Friday, February 19, 2010

Debunking the difficulty of dressing on the cheap

The most common comment I hear when I get in conversations with folks who don't generally shop for clothes at the thrift store is, "I never find anything good!" This is typically said in a kind of a frustrated whine.

I have a theory. I think people who say they 'never' find clothing at a thrift store don't shop at thrift stores very often.

These folks probably went to a Goodwill a while back, may have been overwhelmed by the diverse selection, and turned tail.

I'm sure the uniformity of FBR (full blown retail) stores is comforting to some people. Like flipping on the television at 5 pm  to watch the evening news, these stores have a distinctive comfort. They're usually all laid out the same way, and there's a certain predictability when entering a Kohl's, Target, Macy's or Nordstrom. Walk into a Dillard's in Denver and you may as well be walking into a Dillard's in Virginia. And for many, that similarity may be one aspect of the appeal.

And that's okay.

But there's a lot of cool clothing at thrift stores.

As I mentioned in an earlier blog, I started shopping for clothes at thrift stores when I dropped a bunch of weight and was stunned at how expensive it was to dress myself during my descent.

Now I'm hooked.

I have my method when it comes to shopping for clothes.

I'm kind of a snob.

I used to work in retail advertising, and became accustomed to the benefits of branding. I like designer clothes, and I'm not ashamed to say it.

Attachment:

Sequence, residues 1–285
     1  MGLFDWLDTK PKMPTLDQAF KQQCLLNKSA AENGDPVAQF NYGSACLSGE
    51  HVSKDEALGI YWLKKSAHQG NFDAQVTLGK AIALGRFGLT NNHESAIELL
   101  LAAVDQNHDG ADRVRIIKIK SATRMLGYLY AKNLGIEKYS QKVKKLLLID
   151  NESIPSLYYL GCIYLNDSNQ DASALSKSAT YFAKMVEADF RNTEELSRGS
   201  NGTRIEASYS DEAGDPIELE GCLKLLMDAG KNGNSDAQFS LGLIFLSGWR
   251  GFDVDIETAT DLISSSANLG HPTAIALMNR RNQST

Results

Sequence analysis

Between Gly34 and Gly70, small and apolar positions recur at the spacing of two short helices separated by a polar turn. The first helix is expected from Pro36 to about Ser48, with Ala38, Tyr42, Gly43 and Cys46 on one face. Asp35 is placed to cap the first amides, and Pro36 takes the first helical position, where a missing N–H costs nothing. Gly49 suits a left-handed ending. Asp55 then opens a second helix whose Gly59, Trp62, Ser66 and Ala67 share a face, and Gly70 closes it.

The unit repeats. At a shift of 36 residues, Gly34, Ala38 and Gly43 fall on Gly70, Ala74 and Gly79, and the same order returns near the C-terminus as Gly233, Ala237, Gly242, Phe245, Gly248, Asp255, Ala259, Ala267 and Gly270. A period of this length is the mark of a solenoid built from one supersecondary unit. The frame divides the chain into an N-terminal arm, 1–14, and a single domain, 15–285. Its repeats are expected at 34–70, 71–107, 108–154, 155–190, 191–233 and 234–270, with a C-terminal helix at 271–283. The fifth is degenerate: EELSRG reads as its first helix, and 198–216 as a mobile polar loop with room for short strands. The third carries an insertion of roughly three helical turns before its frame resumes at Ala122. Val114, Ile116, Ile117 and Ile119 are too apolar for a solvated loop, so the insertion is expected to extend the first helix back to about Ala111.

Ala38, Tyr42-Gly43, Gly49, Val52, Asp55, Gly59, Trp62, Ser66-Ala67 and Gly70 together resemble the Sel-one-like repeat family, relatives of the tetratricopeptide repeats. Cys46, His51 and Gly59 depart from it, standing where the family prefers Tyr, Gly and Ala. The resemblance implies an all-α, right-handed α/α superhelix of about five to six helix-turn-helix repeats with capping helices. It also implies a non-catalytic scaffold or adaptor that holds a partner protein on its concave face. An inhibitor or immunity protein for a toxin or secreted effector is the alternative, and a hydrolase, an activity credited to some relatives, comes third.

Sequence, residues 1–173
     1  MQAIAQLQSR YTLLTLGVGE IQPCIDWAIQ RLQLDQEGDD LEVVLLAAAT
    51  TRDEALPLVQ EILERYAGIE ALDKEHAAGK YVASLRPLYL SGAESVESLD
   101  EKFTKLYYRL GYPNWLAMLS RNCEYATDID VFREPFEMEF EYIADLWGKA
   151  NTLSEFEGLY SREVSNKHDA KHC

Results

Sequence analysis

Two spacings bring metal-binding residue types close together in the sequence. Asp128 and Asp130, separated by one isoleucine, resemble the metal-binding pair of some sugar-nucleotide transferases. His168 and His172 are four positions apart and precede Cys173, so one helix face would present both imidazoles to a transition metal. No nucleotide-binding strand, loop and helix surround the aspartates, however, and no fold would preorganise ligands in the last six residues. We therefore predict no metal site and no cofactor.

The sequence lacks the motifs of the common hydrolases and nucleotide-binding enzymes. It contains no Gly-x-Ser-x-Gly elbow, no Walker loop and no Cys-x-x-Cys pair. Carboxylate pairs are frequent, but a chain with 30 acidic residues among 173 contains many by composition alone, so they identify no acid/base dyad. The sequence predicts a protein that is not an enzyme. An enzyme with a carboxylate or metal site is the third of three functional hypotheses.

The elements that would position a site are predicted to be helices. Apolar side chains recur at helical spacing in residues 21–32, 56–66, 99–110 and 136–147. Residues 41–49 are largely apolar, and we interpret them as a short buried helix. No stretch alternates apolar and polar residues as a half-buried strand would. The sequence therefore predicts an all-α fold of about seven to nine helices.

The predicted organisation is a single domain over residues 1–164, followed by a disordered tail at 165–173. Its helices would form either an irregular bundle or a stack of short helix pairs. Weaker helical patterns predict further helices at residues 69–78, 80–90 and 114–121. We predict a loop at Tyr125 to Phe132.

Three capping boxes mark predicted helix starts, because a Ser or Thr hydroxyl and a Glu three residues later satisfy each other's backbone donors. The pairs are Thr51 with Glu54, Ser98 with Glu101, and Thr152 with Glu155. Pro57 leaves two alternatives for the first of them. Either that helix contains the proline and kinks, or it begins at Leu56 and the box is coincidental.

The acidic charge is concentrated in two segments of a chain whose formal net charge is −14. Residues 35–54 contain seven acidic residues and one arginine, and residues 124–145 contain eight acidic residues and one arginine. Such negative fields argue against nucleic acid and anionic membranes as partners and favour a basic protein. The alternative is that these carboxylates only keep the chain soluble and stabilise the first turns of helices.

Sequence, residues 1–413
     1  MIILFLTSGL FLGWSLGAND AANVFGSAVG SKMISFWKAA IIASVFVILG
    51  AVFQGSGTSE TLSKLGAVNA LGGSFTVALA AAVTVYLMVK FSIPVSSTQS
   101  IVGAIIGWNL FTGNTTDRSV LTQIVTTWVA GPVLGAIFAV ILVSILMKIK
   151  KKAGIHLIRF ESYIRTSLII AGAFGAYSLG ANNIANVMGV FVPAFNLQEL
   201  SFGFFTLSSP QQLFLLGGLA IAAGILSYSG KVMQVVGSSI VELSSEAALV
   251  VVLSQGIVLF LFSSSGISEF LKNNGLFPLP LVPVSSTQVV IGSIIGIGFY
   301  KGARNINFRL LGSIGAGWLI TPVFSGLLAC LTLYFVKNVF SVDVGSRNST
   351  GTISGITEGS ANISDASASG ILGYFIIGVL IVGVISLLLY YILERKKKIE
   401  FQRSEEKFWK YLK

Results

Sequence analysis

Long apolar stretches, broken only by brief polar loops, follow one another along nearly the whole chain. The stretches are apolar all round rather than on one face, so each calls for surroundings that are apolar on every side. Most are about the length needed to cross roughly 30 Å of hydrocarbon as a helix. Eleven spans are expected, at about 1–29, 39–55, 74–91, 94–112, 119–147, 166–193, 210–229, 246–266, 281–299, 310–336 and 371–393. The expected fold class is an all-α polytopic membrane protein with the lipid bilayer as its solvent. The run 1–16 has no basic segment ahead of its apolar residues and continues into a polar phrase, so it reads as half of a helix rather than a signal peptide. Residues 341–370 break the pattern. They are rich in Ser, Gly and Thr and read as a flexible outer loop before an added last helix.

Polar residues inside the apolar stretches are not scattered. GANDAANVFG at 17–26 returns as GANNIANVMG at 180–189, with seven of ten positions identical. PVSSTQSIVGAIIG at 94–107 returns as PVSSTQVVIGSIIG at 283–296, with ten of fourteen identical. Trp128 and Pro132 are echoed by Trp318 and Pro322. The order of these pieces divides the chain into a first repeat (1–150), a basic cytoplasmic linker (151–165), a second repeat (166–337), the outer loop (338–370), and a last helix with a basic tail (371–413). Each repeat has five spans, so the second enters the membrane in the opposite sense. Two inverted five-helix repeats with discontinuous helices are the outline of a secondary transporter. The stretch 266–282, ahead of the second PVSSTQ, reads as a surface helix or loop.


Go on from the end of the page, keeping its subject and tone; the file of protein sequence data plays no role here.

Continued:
So I know the brands. That's an advantage, I think.

I also know which color palates appeal to me.

I shun color, so most of what I wear is in the brown/black family. Even though my skin tone and hair color doesn't correspond with what season the experts say I should be, I am, appropriately, a Winter.

So when I go thrifting for clothes, I look first for fabric and color, then for brand.

And it's amazing what I've found.

I could go on and on, but I found a Norwegian wool sweater at Neighborly Thrift a few years ago that would retail in the hundreds. Neighborly Thrift is run by a bunch of older women who live and die by all things 1957, including pricing, so I bought the sweater for $3.

Just the other day, I wandered into Porter Thrift. Same demographic in terms of sales staff. Porter Thrift was having a sale the day I stopped by, and I found a J. Jill shirt and a pair of J. Jill pants, just my size. Together, my brand new (to me) outfit cost less than $5. The shirt looked as though it had never been worn, and the pants had a tag attached that indicated they'd recently been dry cleaned, even though they didn't need to be.

If I were to have bought the ensemble in a J. Jill store, I'd have undoubtedly have paid well over $100.

So here's my advice, for those intrepid shoppers who want to become skilled in thrifting for clothes.

Look for fabric and color that you like.

Then check for the maker. I do believe higher end designers make better clothes. And there are lots of designer clothes to be had at thrift stores. Like crime and traffic accidents, someone's always cleaning out their closet.

Of course, check the size. Jeez.

If that set of criteria fits, then buy it, for god's sake.

You're going to pay a ton less than you would have if you'd have bought it new. And honestly, just like a new car when you drive it off the lot, new clothes have very little 'brand new' cache once you take off the tags.

No one will ever know that what you're wearing is a thrifty find.

No one but you.

And your bank balance.

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